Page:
Push for visibility sees Tara shine on social media and beyond

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From sought-after movie extra to art gallery volunteer and aspiring plus-size model, National Disability Insurance Scheme (NDIS) participant Tara is using her supports to maximise visibility for people with disability in advertising and social media campaigns.

Tara is looking confidently at the camera. She is wearing a striped top and black leather jacket.

The 21-year-old from the Gold Coast, who lives with Down syndrome, has been celebrating many successes since joining the scheme as an 18-year-old.

In just three years, Tara’s list of achievements include completing a Certificate III of Screen and Media at TAFE, becoming a visitor support officer at Home of the Arts (HOTA) Gallery, joining a theatre group and starting a modelling career.

Extending her talent to the global stage, Tara is spreading her wings through film and television, after being chosen to appear in the Joe vs. Carole series, a scripted adaptation of the 2020 podcast Joe Exotic: Tiger King, which premiered worldwide in March.

“I do theatre and am involved in the Gold Coast Film Festival,” Tara said. 

“I’ve also been in Young Rock (season two). I was a fan girl, cheering during the fighting and wrestling scenes.”

Tara recently volunteered at the opening night of the Gold Coast Film Festival, and the upcoming movie and TV extra is “happy and excited” to be involved in Queensland’s burgeoning film industry.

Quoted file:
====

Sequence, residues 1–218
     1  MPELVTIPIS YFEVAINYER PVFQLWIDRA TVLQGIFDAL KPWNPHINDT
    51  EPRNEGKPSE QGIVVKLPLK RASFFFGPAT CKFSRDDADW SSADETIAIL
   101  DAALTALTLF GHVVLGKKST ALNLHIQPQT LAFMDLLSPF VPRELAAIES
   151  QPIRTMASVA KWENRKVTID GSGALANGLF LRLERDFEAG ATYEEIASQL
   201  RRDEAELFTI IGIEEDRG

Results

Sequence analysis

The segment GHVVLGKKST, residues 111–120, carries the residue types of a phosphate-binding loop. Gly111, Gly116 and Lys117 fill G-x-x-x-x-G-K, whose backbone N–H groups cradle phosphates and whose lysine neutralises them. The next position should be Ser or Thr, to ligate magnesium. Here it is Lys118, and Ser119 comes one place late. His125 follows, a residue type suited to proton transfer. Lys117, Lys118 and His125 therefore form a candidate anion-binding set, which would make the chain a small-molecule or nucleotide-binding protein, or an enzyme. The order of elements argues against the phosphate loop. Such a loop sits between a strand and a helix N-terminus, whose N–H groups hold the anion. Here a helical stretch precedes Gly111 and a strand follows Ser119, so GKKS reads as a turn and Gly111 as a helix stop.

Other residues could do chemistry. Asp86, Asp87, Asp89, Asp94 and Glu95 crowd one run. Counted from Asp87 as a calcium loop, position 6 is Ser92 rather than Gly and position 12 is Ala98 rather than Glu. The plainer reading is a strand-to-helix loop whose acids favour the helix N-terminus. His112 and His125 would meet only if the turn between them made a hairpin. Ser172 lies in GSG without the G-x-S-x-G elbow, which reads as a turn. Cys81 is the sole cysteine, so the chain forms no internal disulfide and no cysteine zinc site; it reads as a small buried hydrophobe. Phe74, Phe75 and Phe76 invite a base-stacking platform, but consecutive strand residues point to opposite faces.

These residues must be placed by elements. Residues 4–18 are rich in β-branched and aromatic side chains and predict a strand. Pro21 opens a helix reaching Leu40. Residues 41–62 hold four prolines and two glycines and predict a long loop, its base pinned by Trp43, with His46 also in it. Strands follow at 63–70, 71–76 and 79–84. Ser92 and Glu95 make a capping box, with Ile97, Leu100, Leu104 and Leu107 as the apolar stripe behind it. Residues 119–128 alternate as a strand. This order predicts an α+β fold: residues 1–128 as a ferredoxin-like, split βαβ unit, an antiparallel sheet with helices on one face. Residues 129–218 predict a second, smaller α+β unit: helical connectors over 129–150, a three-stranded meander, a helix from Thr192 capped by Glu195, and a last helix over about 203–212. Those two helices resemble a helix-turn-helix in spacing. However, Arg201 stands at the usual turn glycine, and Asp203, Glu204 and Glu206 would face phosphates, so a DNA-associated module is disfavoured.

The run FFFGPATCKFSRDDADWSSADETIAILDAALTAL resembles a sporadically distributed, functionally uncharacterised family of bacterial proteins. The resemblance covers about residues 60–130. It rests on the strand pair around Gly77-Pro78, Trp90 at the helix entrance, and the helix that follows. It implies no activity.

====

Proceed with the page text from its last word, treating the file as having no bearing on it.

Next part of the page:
Recently setting up an Instagram account to showcase her brand, Tara, who receives assistance in implementing her NDIS funding through Carer’s Queensland, was recently one of the first NDIS participants to take part in their Be Your Own Boss (BYOB) workshops.

With the program aiming to empower, educate and support people with disability to create or grow their own microbusiness, Tara’s mother Louise said her daughter had originally become involved in BYOB to learn how to further develop her modelling and acting career while promoting and selling her artwork. 

However, Louise said business planning during the workshop had proven very helpful, as was information about managing social media platforms effectively.

“During the process, what we came to learn from the mentors is that it was better to focus on doing one thing well rather than doing lots of things badly, find a niche, and that’s been a part of Tara’s BYOB learning journey,” Louise said.

“Because of the advice we received, we’ve taken the focus off her artwork. It’s still featured on Red Bubble, to concentrate on her building her social media presence and film and modelling work.

“For example, we’re approaching active wear brands for larger people in the hope they will realise the benefits of campaigns that show society that you don’t have to look a certain way.

“There’s a lot of old stigmas still around of what people with disability should do or where they belong. Tara is doing what she loves, whether it’s acting, horticulture or becoming a barista, people with disability should be able to follow their passions.”

Helping people at HOTA on the Gold Coast, Tara gives tours, welcomes guests and also helps during citizenship ceremonies, as well as at events such as Kids take over HOTA and Bricktionary.

“I do all different kinds of things, looking after people, showing people around, telling them not to touch the art and where they can and can’t go,” Tara said.

With her NDIS supports in place and her list of passions and pursuits growing and a long-term goal of living independently, Tara is looking forward to a bright future where she is able to choose what she wants to do in life.